The App Store is finally starting to pick up speed and tonight the flood gates are opening as tons of quality titles are launching simultaneously. Check out the fine selection below.
Soul Calibur for iOS has just been approved by Apple and will be released on the 19th of January. The publisher Namco Bandai, claims that the graphics will be on par with the 1999 Dreamcast version of Soul Calibur. While we’re sure that the graphics will be good, ports of classic games are easy to mess up. That’s because the virtual controls sometimes ruin the feel the game used to have on the console version. As soon as we have a pre-release copy we will be sure to inform you the state of the port and what you can expect. The game will work on any device with the 4.3 update currently installed.
Apparently there are 6 game modes which work hand in hand with the GameCenter leaderboard system.
Those modes are:
I’ve been anxious all week for news on the upcoming platformer from Crescent Moon Games and Robots vs Wizards, Paper Monsters. As you know, Paper Monsters was submitted this past week. The waiting game is always tough so any new info shines a light at the end of the tunnel. A few days ago, we got more than just new info. A fully playable, web mini-game called “Drag ‘n Dash” along with a new trailer for Paper Monsters surfaced on the game’s official website. Before you jump over to PaperMonsterLand and give the mini-game a spin, stick around and check out the new trailer here. We’ll be here with a review of Paper Monsters as soon as we get our hands on it, and that shouldn’t be too far away. Until then enjoy the dragon dashing!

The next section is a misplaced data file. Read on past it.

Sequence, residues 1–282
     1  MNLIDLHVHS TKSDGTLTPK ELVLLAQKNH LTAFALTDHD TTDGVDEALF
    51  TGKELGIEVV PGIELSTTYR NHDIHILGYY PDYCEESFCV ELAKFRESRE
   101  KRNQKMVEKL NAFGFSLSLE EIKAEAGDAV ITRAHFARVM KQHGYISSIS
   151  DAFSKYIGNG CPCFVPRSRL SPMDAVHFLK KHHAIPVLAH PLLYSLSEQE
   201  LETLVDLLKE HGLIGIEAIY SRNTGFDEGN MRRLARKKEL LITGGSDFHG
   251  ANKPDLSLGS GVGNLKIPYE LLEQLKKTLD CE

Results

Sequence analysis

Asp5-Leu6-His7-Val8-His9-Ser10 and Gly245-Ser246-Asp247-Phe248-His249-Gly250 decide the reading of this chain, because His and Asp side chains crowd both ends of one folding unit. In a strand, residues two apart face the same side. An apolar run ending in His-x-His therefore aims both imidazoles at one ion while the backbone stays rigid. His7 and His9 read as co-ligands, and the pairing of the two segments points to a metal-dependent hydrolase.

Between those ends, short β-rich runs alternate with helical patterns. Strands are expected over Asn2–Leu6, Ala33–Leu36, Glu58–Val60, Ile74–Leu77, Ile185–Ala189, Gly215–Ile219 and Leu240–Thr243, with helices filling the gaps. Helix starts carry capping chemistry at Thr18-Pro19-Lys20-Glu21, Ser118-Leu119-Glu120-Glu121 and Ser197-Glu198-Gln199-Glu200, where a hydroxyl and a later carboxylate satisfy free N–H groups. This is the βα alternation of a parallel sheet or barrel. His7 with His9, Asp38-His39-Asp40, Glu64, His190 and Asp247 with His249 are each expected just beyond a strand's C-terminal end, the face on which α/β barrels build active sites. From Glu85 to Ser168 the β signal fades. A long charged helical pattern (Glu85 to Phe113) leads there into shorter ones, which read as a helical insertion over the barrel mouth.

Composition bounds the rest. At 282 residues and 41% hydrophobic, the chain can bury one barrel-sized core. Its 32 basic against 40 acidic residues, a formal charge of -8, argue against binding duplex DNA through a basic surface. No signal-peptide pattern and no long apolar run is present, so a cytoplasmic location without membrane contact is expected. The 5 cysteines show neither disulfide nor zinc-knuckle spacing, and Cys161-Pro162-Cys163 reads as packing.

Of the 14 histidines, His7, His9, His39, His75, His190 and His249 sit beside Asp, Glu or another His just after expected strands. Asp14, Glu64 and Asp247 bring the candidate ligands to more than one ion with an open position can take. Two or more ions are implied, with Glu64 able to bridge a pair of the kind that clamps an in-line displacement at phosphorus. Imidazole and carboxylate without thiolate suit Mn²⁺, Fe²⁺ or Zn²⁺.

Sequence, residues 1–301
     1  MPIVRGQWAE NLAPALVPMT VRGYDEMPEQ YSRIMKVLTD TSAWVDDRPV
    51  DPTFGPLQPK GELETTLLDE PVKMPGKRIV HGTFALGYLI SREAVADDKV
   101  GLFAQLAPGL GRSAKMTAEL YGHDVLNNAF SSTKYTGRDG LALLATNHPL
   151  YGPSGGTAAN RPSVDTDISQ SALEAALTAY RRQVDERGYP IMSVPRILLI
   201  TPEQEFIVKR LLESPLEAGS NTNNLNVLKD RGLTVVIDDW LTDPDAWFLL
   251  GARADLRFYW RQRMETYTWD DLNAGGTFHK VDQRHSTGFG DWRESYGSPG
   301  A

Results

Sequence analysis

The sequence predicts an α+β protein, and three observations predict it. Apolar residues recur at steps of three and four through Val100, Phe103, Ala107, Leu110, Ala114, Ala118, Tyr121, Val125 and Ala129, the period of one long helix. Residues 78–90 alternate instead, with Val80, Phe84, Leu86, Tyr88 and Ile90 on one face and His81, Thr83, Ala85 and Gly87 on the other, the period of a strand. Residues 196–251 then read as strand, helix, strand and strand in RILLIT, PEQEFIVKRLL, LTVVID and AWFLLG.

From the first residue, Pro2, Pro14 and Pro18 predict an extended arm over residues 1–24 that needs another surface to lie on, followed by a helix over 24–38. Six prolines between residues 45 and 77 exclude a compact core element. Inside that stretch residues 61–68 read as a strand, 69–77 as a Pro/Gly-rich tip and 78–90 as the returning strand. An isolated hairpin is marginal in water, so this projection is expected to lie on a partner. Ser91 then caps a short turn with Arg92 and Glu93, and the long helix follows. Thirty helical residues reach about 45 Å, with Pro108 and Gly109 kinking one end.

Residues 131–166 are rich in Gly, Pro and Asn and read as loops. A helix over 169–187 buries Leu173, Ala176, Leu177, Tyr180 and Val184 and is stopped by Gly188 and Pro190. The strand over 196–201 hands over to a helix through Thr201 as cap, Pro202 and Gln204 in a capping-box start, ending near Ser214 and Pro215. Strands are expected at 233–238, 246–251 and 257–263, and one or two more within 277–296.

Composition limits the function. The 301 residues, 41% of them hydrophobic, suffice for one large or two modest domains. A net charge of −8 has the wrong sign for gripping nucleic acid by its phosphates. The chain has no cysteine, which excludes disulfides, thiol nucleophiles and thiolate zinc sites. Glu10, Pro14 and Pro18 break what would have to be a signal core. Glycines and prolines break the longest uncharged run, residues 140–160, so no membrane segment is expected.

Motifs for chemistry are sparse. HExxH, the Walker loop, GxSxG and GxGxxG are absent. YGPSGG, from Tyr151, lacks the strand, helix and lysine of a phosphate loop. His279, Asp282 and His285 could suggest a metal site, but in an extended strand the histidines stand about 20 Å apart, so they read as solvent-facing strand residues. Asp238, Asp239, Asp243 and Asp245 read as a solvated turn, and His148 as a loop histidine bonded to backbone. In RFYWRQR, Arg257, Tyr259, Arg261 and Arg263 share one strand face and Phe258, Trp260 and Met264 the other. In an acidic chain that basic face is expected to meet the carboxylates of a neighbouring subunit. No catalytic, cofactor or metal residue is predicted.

Dungeon Crawlers, an upcoming tactical RPG from Ayopa Games and Drowning Monkeys, shows quite a bit of promise. From what we’ve seen so far, this game is just as much about dungeon crawling as it is about laughs.
The cast of characters consists of an alchemist, a priest, a barbarian, and a drunken dwarf warrior. It’s a strange party, but it goes well with the quirky personality of the game. If you think about the style of the game for a bit, it seems somewhat reminiscent of “The Ghostbusters”. This makes sense, since you are clearing out dungeons of ghouls, gunges, goblins and more. The humor in the story is what really makes the game a blast to play, and you definitely shouldn’t find yourself playing this game stone-faced.